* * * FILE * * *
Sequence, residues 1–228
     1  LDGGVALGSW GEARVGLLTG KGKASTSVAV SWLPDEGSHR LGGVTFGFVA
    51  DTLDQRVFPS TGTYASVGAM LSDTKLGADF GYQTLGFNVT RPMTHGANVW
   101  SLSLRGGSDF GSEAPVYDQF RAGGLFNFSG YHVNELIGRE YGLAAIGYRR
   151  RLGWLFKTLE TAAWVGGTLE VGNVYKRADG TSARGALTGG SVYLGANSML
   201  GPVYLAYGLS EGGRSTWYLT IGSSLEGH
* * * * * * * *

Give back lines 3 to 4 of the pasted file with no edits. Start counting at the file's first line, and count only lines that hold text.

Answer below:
    51  DTLDQRVFPS TGTYASVGAM LSDTKLGADF GYQTLGFNVT RPMTHGANVW
   101  SLSLRGGSDF GSEAPVYDQF RAGGLFNFSG YHVNELIGRE YGLAAIGYRR